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February 04, 1994 - Image 12

Resource type:
The Detroit Jewish News, 1994-02-04

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Jews, accidentally killed a black
youth, 7-year-old Gavin Cato.
The incident touched off three
days of rioting. The city's slow
reaction to the disturbances is
believed to have contributed to
the election defeat of New York
Mayor David Dinkins last
Ms. Reno agreed to begin an
investigation after the Brooklyn
district attorney, Charles
Hynes, said he would not be
able to make a homicide case
against Ernesto Edwards,
whose name recently surfaced
as a suspect in the case.
An earlier suspect, Lemrick
Nelson, was acquitted last year
in a New York court — despite
his own admission of guilt and
testimony by eyewitnesses who
saw him stab Mr. Rosenbaum.
Ms. Reno's investigation will
focus on both Mr. Edwards and
Mr. Nelson.
Ms. Reno's announcement
came after intense pressure
from New York Democrats and
Republicans, headed by Sens.
Alfonse D'Amato and Daniel
Patrick Moynihan, who vowed
to hold hearings on her han-
dling of the matter if she did not
immediately look into the case.
Several months earlier, Sen.
D'Amato co-sponsored, with
Sen. Robert Dole of Kansas, an
amendment calling for an in-
vestigation into possible civil
rights violations in the
Rosenbaum case. Speaking on
the matter before the Senate,
Sen. D'Amato asked, 'What is
a civil rights violation? Is it
chasing someone down the
street for three blocks yelling,
`Kill the Jew' or 'Kill the black'
or 'Kill that Catholic'?
If that wouldn't constitute a
civil rights violation, I don't
know what does."
Sen. D'Amato has been an
outspoken supporter of investi-
gating the case since Mr.
Rosenbaum's death. Yet his ef-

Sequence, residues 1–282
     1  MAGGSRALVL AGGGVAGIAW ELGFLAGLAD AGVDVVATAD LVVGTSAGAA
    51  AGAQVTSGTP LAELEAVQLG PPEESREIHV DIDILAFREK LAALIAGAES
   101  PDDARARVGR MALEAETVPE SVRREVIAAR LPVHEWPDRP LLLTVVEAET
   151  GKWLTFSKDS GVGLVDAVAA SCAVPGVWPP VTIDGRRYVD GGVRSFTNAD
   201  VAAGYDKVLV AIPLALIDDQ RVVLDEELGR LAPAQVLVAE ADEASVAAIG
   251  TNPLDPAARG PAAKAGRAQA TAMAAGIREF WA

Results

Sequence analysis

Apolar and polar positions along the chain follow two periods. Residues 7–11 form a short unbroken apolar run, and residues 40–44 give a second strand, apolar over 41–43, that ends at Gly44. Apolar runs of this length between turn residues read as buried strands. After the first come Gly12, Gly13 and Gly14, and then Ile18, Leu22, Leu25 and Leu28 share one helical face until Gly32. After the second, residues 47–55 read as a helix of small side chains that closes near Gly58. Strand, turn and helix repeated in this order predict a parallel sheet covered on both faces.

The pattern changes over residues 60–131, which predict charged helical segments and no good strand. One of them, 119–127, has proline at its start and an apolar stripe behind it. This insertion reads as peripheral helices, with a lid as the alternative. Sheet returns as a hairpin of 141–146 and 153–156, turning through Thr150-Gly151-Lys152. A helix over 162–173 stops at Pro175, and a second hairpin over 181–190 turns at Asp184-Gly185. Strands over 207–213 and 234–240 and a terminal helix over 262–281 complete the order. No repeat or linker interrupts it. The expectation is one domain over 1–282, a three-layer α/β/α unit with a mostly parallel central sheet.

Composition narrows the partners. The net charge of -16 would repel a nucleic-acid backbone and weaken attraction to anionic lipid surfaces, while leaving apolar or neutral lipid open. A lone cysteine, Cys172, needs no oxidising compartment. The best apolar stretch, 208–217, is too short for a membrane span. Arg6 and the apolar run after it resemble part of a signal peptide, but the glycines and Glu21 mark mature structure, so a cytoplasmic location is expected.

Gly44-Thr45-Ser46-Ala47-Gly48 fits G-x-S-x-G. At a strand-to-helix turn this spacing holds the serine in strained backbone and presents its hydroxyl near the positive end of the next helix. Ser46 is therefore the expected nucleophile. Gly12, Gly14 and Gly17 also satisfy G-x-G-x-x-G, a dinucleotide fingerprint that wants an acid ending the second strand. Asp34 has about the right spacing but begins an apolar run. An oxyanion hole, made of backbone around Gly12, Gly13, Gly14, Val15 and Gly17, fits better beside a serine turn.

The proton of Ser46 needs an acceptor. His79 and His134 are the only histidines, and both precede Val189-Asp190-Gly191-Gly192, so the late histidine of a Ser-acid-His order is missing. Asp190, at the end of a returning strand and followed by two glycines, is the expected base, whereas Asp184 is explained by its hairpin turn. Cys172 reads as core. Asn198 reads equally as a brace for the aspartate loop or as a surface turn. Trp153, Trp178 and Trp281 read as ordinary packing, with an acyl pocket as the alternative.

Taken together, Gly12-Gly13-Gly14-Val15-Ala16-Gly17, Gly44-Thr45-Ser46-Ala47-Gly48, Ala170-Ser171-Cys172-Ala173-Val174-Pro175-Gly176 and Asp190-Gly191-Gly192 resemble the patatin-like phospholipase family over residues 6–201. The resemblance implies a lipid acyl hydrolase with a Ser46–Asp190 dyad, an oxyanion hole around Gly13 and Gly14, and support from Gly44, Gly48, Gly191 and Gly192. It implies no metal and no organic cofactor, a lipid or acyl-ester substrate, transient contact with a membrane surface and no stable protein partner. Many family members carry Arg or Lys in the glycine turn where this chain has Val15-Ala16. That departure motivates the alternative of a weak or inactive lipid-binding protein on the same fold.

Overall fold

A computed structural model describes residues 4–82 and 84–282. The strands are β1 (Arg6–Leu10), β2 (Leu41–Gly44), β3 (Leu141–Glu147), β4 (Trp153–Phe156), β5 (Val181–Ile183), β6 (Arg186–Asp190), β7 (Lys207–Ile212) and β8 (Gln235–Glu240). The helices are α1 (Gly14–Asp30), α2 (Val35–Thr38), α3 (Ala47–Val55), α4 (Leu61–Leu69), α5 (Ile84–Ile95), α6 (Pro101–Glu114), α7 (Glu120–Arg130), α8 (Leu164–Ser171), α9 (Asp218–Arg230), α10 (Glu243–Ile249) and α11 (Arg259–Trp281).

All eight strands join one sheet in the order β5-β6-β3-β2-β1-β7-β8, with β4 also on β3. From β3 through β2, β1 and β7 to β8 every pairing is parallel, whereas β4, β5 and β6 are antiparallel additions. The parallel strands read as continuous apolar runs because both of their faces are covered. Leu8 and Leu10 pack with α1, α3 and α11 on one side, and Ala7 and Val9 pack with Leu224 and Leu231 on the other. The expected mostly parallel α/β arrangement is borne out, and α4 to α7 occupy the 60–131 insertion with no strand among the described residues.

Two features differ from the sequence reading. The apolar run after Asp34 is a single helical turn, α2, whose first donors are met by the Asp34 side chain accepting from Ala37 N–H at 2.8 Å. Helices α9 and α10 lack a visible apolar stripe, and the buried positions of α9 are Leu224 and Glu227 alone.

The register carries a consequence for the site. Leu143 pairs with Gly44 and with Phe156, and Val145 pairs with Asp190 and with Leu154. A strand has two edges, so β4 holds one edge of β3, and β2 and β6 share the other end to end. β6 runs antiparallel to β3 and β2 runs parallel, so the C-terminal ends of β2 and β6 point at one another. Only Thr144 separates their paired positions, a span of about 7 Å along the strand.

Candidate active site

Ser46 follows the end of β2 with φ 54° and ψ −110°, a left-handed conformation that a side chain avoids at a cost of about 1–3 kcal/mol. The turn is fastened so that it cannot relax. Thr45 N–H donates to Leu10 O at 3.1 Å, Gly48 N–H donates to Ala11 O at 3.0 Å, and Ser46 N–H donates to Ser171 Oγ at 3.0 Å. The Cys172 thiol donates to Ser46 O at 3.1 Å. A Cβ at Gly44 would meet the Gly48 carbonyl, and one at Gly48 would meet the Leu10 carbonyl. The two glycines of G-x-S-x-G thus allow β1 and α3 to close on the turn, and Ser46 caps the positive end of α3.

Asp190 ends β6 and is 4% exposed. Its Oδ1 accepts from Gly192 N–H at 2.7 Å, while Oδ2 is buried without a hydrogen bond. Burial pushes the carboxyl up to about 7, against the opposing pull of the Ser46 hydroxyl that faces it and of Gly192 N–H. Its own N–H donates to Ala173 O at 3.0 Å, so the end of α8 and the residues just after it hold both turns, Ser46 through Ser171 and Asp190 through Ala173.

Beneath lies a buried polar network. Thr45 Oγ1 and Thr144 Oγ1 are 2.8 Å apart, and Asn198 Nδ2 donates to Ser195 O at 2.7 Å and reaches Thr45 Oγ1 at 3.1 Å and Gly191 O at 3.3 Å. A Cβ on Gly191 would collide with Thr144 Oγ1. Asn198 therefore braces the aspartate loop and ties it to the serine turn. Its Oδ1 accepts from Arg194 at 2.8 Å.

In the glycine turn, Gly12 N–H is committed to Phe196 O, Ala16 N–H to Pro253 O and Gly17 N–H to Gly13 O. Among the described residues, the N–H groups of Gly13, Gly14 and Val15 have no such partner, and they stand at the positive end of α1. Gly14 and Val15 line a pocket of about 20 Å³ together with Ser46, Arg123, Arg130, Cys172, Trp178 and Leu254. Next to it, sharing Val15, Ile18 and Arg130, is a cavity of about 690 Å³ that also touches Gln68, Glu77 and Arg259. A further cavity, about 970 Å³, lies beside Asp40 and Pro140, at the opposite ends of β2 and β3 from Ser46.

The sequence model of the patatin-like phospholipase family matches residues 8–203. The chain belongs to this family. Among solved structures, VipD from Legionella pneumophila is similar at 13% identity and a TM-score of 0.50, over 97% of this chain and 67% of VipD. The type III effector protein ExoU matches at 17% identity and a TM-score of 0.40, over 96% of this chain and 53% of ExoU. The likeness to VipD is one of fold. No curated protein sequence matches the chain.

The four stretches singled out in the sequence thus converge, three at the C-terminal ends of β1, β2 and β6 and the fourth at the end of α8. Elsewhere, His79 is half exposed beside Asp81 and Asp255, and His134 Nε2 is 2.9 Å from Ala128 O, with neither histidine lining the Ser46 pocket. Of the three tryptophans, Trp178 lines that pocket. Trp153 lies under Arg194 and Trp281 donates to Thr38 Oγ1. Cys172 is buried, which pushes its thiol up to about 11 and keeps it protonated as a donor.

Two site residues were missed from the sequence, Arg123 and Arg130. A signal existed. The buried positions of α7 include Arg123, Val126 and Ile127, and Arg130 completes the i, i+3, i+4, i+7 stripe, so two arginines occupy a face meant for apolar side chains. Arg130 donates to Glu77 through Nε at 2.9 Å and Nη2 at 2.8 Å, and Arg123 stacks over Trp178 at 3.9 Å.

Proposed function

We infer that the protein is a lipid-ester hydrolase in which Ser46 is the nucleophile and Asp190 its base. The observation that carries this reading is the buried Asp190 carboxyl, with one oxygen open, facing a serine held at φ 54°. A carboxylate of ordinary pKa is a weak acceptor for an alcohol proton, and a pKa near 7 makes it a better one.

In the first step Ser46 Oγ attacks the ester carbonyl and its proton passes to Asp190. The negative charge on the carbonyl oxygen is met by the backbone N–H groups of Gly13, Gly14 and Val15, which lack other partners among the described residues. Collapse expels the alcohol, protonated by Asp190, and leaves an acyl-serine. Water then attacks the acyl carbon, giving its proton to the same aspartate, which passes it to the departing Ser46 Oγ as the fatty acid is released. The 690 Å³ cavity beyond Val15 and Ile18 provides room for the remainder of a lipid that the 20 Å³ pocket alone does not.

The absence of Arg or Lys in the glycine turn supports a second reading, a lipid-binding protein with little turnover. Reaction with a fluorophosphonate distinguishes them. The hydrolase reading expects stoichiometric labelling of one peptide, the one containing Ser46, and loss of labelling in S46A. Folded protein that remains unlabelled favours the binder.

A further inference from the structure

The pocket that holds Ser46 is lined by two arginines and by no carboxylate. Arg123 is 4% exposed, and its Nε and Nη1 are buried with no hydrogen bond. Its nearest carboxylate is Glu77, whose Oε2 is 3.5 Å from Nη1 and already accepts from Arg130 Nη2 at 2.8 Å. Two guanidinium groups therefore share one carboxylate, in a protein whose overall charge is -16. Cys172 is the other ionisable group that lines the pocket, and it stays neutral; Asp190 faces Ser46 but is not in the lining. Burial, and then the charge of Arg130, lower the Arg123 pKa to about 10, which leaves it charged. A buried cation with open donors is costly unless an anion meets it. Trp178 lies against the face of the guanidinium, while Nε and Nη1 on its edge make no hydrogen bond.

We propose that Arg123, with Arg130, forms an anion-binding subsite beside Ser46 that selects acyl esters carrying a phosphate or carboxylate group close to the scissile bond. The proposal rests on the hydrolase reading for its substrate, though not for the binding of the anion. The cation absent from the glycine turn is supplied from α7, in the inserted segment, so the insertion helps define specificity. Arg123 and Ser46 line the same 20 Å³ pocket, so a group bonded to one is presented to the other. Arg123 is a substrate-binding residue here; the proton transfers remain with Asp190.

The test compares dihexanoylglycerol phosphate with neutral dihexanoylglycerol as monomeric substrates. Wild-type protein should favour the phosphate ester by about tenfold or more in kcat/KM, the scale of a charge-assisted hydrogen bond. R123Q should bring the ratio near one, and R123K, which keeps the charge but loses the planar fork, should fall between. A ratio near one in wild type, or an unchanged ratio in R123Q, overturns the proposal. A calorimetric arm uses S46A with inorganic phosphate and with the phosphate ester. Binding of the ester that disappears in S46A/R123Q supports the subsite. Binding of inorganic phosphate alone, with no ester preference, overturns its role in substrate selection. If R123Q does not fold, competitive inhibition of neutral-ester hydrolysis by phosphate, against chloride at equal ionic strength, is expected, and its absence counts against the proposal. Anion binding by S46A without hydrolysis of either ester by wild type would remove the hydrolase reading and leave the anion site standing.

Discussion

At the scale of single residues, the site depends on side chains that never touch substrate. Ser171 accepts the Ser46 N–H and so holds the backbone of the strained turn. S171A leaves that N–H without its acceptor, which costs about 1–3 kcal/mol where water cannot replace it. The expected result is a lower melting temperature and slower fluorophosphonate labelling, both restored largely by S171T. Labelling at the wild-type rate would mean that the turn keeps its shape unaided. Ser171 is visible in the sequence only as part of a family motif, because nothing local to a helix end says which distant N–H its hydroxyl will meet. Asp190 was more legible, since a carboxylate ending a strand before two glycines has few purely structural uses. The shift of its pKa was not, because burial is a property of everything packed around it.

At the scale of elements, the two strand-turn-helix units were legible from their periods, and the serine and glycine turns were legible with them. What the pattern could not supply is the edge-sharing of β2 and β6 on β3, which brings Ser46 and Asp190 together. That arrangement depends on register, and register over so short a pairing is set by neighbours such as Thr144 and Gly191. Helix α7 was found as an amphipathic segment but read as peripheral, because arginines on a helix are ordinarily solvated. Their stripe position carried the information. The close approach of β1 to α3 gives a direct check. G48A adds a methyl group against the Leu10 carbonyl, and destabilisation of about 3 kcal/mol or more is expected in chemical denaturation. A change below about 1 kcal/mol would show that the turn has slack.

forts weren't always appreciat-
ed by many in New York and
Washington, including a num-
ber of Jewish groups, said Jeff
Wiesenfeld, executive assistant
for the senator's New York City
Hours after the violence be-
gan, Sen. D'Amato "proclaimed
it was an outrage," Mr.
Wiesenfeld said. But some
Jews, including the director of
one national Jewish group, "at-
tacked the senator," he said.
"The organized Jewish estab-
lishment failed (on this issue.)"
Other political leaders were
hesitant to get involved as well,
he said. Now that the case is
once again in the news, "there
have been a lot of Johnny come-
latelys," Mr. Wiesenfeld said.
"But at first, everyone was
afraid to poke his head up."
In addition to Sen. D'Amato
and Sen. Moynihan, former
New York Mayor Ed Koch and

New York Assemblyman Dov
Hilkind have been demanding,
for some time now, an inquiry
into the case.
Mr. Wiesenfeld described the
Crown Heights violence as "a
pogrom. For three days and
three nights Jews were at-
tacked mercilessly. 'Pogrom' is
the only word for it."
He said he is concerned by
the kind of precedent this case
— if not properly decided —

Sen. Alfonse D'Amato

could set. How, he asked, could
a jury decide that Rodney King,
the black motorist beaten by
white policemen in Los Angeles,
had his civil rights violated, but
a Jewish man — stabbed to
death specifically because he is
Jewish — did not? "At least," he
said, "Rodney King is alive."
But Mr. Wiesenfeld is not
confident Ms. Reno's investi-
gation will result in anything
new. "We hope for the best, but
prepare for the worst," he said.
Meanwhile, Sen. Moynihan
labeled Ms. Reno's decision
to bring the case to the federal
courts "a welcome step in the
right direction. The great
issue is that civil rights laws
should be seen to apply to all
groups, regardless of race,
creed, color, or any other at-
tribute that can bring on civil
violence." ❑

Rabin Update
On Peace Talks

New York (JTA) — In a con-
ference call with leaders of
American Jewish organiza-
tions, Prime Minister Yit-
zhak Rabin said "there was
some progress" made this
past weekend toward an
agreement for implementing
the Palestinian self-rule ac-
His characterization of the
talks in Switzerland bet-
ween Israeli Foreign Min-
ister Shimon Peres and
Palestine Liberation Organ-
ization Chairman Yassir
Arafat was more cautious
than the initial burst of op-
timism that followed the
weekend meeting. ❑

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